Tunisian man dies after setting self on fire in unemployment protest
March 13, 2013 -- Updated 1403 GMT (2203 HKT)
Tunisian paramedics rush to carry Adel Khadri, a cigarette vendor who immolated himself in Tunis on March 12, 2013.
- The self-immolation of Adel Khodri, 27, is similar to that of Mohamed Bouazizi
- Bouazizi was credited for launching the Arab Spring protests with his fatal protest
- Khodri's death comes as the National Constituent Assembly votes on a new government
(CNN) -- A 27-year-old Tunisian man who set himself on fire to protest unemployment has died, officials said Wednesday.
Adel Khodri succumbed to his wounds early Wednesday morning, a day after he set himself ablaze, Tunisia's national civil protection and defense authorities said.
His fate parallels the iconic death of Mohamed Bouazizi, a street vendor who set himself on fire in December 2010.
Bouazizi's death was widely credited for spurring Arab Spring uprisings across North Africa and the Middle East.
The fruit vendor's fatal protest unleashed a wave of regional dissent against oppression, government corruption and stifled freedoms.
Self-immolation has since become more common in the Arab world, with people setting themselves on fire in Tunisia, Jordan, Bahrain and Morocco.
Although Tunisia has toppled a longtime ruler and held historic elections since Bouazizi's death, the country is still mired in political unrest.
Khodri died the same day Tunisia's National Constituent Assembly is set to vote on a new government.
In a speech before Wednesday's vote, Prime Minster-designate Ali Larayedh explained a series of proposals for the new government, the country's official news agency TAP said.
Larayedh vowed to protect against excessive inflation, develop the economy, fight crime and boost development.
Part of complete coverage on
June 19, 2013 -- Updated 1759 GMT (0159 HKT)
50 years after JFK's "Ich bin ein Berliner" speech, one expert says Barack Obama visits Berlin at a desperately crucial time.
June 19, 2013 -- Updated 1231 GMT (2031 HKT)
In a country caricatured for its deification of soccer, the World Cup, Confederations Cup and FIFA have become symbols of corruption and waste.
June 19, 2013 -- Updated 0059 GMT (0859 HKT)
A man who silently stood in Taksim Square and stared at a portrait of the founder of the modern Turkish state, drew hundreds to his vigil.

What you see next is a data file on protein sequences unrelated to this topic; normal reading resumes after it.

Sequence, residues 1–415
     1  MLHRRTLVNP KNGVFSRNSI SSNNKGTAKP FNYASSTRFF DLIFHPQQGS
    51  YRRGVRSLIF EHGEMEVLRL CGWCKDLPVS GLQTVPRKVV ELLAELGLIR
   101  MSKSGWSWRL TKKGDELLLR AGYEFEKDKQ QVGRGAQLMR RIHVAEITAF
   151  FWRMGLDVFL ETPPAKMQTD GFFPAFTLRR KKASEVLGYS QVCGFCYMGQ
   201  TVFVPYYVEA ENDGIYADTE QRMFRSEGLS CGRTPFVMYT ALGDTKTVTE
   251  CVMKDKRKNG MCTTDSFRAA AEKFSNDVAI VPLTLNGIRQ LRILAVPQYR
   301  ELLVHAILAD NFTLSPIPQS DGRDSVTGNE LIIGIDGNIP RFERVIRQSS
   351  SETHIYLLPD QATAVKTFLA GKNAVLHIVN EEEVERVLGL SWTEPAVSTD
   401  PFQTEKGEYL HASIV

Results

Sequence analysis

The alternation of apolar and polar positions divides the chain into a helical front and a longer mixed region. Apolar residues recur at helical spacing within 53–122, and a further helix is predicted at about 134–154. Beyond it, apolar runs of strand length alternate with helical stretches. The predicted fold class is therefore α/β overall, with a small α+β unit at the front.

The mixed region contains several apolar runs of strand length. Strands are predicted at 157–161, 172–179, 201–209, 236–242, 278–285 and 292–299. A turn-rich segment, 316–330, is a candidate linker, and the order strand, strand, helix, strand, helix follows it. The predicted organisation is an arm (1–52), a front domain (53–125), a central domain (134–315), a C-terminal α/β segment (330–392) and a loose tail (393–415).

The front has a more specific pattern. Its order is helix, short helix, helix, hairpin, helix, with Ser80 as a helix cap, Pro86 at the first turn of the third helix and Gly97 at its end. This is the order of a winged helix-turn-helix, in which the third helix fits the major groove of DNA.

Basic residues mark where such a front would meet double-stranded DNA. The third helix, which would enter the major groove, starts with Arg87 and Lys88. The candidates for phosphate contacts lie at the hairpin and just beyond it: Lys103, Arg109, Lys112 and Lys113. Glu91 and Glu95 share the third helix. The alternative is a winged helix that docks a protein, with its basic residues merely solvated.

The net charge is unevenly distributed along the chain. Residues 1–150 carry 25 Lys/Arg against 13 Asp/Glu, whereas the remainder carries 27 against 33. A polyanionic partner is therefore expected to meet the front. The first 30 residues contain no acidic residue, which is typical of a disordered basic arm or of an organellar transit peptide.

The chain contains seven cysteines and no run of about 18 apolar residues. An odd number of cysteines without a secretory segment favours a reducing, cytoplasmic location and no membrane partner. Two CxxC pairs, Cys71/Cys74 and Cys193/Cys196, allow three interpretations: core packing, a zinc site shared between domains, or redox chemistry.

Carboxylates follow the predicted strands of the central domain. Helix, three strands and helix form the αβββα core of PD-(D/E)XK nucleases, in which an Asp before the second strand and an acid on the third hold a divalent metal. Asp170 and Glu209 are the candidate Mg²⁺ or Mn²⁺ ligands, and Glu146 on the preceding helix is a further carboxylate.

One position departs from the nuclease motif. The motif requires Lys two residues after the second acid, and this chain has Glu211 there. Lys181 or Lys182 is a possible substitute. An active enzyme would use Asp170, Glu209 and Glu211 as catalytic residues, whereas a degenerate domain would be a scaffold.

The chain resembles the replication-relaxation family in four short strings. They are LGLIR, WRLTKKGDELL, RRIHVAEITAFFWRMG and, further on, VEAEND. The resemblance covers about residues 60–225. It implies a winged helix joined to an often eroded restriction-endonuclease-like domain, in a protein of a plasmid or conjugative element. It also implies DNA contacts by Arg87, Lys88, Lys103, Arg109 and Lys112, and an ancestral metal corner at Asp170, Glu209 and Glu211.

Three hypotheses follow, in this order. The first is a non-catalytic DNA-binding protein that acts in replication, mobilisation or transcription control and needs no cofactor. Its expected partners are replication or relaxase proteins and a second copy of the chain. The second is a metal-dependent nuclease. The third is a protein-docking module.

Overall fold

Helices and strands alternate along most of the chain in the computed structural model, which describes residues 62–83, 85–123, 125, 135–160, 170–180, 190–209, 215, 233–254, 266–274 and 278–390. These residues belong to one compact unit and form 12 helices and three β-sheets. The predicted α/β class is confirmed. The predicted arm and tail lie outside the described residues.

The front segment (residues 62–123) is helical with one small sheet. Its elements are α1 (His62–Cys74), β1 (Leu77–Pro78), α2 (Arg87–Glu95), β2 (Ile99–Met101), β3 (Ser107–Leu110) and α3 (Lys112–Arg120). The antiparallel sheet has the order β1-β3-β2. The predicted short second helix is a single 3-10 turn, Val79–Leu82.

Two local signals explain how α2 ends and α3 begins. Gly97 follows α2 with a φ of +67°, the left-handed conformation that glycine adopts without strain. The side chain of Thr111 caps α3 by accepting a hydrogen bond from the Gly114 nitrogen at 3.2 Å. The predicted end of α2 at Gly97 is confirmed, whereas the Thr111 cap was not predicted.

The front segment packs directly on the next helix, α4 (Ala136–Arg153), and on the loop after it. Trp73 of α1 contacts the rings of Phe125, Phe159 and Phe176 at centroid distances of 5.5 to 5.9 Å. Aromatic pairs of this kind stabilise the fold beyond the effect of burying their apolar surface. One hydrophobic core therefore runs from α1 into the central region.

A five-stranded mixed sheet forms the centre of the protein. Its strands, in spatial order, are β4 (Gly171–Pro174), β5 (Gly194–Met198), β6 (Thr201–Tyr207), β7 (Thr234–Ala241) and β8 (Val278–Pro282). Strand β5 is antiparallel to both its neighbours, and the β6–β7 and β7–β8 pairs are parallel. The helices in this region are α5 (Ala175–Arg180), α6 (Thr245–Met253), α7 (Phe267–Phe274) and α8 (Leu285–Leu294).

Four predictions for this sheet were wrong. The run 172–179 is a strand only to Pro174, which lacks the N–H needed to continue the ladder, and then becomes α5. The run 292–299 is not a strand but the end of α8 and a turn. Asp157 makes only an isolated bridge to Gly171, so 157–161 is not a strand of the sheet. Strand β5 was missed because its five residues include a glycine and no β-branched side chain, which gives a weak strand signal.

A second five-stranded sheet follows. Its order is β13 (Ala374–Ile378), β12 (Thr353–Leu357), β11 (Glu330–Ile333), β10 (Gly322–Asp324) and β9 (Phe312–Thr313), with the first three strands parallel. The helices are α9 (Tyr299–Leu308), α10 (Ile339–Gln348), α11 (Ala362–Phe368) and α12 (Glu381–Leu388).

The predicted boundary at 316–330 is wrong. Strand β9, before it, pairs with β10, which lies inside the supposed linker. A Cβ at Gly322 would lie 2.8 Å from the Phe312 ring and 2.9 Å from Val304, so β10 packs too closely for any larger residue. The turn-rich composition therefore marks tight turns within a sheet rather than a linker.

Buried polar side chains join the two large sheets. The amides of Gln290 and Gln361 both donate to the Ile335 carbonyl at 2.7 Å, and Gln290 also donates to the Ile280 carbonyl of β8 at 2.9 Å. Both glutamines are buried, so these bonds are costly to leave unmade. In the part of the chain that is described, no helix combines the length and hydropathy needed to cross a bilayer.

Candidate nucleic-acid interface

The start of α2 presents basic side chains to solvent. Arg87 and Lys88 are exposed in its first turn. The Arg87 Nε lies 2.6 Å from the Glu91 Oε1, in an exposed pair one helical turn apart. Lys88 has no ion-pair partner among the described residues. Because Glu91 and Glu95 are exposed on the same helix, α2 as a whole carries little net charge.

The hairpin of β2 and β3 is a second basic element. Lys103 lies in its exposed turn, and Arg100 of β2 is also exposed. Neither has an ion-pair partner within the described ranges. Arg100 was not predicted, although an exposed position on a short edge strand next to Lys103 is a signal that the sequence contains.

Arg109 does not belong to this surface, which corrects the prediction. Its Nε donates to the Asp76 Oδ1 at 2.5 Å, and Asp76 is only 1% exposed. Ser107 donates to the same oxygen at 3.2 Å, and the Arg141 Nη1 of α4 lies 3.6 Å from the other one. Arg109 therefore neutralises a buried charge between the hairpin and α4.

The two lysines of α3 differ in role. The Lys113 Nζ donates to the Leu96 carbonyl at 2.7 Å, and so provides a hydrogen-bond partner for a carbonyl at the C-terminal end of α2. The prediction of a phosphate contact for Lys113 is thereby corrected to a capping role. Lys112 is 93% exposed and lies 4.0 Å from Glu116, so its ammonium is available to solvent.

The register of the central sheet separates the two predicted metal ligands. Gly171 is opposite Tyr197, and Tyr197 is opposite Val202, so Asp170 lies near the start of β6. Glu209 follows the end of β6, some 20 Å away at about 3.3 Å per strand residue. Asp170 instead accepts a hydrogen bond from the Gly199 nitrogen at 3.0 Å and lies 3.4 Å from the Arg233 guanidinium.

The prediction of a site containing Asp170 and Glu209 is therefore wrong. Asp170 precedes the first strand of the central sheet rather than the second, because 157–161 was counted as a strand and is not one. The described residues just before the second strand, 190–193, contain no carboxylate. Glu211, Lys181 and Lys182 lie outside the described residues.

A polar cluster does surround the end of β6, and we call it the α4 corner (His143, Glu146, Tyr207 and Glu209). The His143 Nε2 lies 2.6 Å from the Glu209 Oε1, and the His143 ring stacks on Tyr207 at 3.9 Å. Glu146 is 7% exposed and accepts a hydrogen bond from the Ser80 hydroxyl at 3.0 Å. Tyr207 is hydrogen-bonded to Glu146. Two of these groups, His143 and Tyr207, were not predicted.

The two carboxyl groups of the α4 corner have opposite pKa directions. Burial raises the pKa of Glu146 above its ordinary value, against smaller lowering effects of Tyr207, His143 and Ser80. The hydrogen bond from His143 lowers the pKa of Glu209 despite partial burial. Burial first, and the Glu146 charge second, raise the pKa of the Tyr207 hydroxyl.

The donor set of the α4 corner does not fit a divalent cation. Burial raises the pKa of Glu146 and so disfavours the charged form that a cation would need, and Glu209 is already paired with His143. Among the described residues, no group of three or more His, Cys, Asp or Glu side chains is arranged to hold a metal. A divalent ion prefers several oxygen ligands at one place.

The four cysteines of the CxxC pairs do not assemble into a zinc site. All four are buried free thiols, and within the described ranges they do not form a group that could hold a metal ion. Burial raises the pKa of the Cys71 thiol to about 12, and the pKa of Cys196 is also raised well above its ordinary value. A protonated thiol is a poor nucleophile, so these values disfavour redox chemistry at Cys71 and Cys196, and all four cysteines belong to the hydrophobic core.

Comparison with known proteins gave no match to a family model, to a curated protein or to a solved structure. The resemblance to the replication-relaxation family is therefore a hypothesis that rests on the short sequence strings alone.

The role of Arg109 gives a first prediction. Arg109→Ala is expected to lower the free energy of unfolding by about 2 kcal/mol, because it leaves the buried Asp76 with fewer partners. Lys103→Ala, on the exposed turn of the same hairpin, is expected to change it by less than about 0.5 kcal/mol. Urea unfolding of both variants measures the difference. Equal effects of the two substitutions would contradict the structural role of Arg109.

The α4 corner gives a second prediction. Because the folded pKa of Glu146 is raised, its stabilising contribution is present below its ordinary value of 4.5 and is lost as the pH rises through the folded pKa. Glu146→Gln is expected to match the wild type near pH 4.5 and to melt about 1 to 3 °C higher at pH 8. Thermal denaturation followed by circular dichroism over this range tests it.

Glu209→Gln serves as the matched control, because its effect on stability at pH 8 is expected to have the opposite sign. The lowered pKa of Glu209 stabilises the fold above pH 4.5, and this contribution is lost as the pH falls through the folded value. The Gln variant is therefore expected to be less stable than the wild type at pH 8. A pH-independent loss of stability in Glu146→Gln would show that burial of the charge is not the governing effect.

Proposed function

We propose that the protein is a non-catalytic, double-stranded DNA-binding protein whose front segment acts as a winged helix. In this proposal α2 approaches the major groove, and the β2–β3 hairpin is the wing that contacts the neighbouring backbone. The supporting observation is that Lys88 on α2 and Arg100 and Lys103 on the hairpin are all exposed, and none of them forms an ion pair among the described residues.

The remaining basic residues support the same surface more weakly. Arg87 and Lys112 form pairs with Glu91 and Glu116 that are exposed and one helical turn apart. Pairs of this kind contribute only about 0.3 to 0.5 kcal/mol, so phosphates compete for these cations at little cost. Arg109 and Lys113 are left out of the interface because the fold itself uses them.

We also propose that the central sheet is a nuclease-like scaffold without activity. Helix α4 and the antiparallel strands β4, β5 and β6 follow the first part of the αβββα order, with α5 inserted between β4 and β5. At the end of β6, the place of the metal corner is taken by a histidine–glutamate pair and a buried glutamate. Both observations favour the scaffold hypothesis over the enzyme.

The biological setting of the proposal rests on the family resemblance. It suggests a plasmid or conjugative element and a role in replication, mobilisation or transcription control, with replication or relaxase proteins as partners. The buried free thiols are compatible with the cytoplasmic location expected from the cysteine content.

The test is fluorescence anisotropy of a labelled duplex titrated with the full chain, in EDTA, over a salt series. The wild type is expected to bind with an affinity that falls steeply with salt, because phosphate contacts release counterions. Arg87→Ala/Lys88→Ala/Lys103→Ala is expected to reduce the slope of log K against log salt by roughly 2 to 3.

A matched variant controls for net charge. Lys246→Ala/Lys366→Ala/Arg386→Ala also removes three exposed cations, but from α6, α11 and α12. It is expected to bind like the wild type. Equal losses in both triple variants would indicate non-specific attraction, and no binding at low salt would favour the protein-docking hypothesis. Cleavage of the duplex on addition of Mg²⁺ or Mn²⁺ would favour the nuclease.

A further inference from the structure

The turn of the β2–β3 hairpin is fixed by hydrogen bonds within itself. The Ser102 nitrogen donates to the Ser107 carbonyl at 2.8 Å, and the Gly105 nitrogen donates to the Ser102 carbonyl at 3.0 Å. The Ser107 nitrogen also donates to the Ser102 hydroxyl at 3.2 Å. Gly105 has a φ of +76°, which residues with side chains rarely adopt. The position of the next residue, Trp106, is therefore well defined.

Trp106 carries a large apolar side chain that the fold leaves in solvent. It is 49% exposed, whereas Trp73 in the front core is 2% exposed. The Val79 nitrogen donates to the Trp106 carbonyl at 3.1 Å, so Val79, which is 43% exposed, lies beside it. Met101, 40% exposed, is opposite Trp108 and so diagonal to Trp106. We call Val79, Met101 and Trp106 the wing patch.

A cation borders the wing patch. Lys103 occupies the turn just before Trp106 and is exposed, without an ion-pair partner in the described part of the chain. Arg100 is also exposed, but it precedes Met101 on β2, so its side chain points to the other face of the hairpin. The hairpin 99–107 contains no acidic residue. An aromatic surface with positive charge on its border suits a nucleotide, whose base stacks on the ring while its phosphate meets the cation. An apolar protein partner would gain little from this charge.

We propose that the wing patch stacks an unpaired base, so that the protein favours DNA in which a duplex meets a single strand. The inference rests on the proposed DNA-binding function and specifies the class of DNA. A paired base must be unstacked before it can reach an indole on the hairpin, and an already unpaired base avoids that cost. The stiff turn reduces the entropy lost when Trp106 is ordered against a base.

June 19, 2013 -- Updated 1726 GMT (0126 HKT)
As Afghan forces formally take over security of the country, what is likely to be on the table when the U.S. and the Taliban meet for talks?
June 19, 2013 -- Updated 0854 GMT (1654 HKT)
North Korea's recent belligerence has many in China, its lone ally, saying enough is enough. But would Beijing really cut Kim Jong Un off?
June 19, 2013 -- Updated 1047 GMT (1847 HKT)
Whether you've a vague fear of Big Brother or a desire to keep your bank information private, there are ways of securing your data.
Among the intriguing pieces of history in Chinese coastal province Fujian are the tulou: large, round, rammed-earth buildings dating back centuries.
June 18, 2013 -- Updated 1539 GMT (2339 HKT)
NYU did a great favor not only for the Chinese dissident but also for both the U.S. and Chinese governments, writes James Millward.
June 18, 2013 -- Updated 0314 GMT (1114 HKT)
Former NSA contractor Edward Snowden is laying low, but that's becoming increasingly difficult. CNN's Ian Lee reports.
June 19, 2013 -- Updated 1111 GMT (1911 HKT)
Tired of seeing developed nations take the lion's share of profits from his country's coffee crop, this businessman decided on a new plan.
June 19, 2013 -- Updated 1322 GMT (2122 HKT)
There's a new menace lurking in the streets of London -- exploding sidewalks, which have injured at least 5 people.
June 13, 2013 -- Updated 1040 GMT (1840 HKT)
Scenes of violent clashes between protesters and police may make visitors to Istanbul think twice. Is it time to cancel your trip?
June 19, 2013 -- Updated 0936 GMT (1736 HKT)
Who has been voted the world's best airline by passengers at the annual Skytrax World Airline Awards?
Today's five most popular stories